Hochul rolls out plans to connect with homeless

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Initiatives that Governor Kathy Hochul announced during her State of the State address earlier this month are now underway, including a plan to help homeless people on the subway. 

The Hochul Administration issued a request for proposals (RFP) today to deploy the new Safe Options Support outreach teams, were nonprofit organizations can join forces with the state government to help combat homelessness. According to Hochul, the teams will consist of civilian workers as well as clinicians. “Too many New Yorkers are sleeping on our streets and subways – they need resources and support to get back on their feet. By deploying outreach professionals to targeted areas, we will help improve safety and ensure New Yorkers experiencing homelessness have the support they need.” 

While this process is underway, the state will begin with immediate outreach through a small group of 20. 

According to a press release the SOS team swill conduct one-on-one outreach with New Yorkers experiencing homelessness, and also include on-street and in-subway clinicians, nurses, social workers, and behavioral health specialists, so that the “street-to-referral logjam” is broken. They plan to deploy 20 SOS teams in total, including four in New York by early spring and eight more in the summer.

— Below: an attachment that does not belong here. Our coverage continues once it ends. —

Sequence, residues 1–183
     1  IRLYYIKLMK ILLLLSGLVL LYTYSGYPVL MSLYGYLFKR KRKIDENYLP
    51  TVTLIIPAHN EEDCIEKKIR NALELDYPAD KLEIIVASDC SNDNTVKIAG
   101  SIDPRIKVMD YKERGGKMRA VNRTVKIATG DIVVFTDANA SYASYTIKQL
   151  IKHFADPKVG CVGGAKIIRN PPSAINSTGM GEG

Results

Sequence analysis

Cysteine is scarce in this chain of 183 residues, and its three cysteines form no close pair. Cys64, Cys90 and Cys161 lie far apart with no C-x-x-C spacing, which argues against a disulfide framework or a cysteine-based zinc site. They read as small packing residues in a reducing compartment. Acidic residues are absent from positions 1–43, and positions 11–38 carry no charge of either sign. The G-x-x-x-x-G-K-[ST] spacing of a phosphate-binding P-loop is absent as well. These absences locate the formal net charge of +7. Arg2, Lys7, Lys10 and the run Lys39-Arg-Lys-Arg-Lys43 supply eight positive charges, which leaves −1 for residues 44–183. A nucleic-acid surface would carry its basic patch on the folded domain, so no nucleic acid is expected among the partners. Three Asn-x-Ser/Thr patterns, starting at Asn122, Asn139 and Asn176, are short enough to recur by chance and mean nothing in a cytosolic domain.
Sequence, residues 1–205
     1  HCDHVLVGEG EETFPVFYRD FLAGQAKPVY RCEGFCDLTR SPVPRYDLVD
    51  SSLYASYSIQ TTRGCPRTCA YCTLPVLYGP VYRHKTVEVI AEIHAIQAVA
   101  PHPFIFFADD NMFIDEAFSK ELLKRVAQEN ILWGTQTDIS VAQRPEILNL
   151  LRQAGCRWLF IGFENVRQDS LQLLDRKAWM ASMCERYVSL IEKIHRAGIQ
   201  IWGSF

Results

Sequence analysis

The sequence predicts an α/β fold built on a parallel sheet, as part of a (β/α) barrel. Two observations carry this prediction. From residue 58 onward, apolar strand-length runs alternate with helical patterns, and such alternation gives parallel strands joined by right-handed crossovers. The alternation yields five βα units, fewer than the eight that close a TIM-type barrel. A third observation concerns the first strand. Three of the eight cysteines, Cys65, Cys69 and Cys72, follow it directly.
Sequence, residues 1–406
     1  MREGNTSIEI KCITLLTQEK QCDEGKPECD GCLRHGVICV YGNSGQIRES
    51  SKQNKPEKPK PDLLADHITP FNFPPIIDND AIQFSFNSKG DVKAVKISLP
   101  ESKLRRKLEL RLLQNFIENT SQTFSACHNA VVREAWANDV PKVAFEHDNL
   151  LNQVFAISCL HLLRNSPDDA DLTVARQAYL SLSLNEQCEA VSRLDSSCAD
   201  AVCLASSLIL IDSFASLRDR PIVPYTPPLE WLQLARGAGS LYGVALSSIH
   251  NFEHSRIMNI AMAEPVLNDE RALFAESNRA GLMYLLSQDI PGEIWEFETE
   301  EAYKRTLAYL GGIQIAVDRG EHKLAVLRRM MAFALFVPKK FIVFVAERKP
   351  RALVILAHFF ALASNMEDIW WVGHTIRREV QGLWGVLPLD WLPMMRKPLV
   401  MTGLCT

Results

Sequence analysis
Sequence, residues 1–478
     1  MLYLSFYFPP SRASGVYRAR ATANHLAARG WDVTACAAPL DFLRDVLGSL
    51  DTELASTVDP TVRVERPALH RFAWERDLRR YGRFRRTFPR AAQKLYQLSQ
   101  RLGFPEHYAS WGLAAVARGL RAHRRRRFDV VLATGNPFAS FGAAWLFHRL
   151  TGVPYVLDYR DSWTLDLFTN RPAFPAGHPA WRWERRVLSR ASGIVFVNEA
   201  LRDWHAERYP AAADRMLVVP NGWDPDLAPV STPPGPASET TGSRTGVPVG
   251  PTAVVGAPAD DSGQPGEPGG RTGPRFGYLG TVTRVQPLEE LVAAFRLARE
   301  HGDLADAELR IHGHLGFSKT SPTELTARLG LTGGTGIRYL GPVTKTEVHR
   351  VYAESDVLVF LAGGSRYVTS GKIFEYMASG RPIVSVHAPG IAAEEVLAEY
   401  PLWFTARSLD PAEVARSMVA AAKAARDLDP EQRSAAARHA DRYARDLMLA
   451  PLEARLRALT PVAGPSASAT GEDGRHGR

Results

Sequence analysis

“The SOS teams will use evidence-based practices that are proven to help the individuals who are most at-risk and often the most difficult to reach. By working closely with New York City agencies and officials, we will be able to better identify the people who most need our assistance and get them off the street and into safe housing.” said Dr. Ann Sullivan, commissioner of the Office of Mental Health.

The mayor of New York City also applauded the governor for her work to help those who are unsheltered. “We look forward to building on our partnership to identify new and compassionate ways in which we can help some of our city’s most vulnerable residents get back on their feet,” Adams said. 

This is one part of Hochul’s homelessness plan; Other initiatives include extending Kendra’s Law, which could help individuals with serious mental problems get the care they need. 

 

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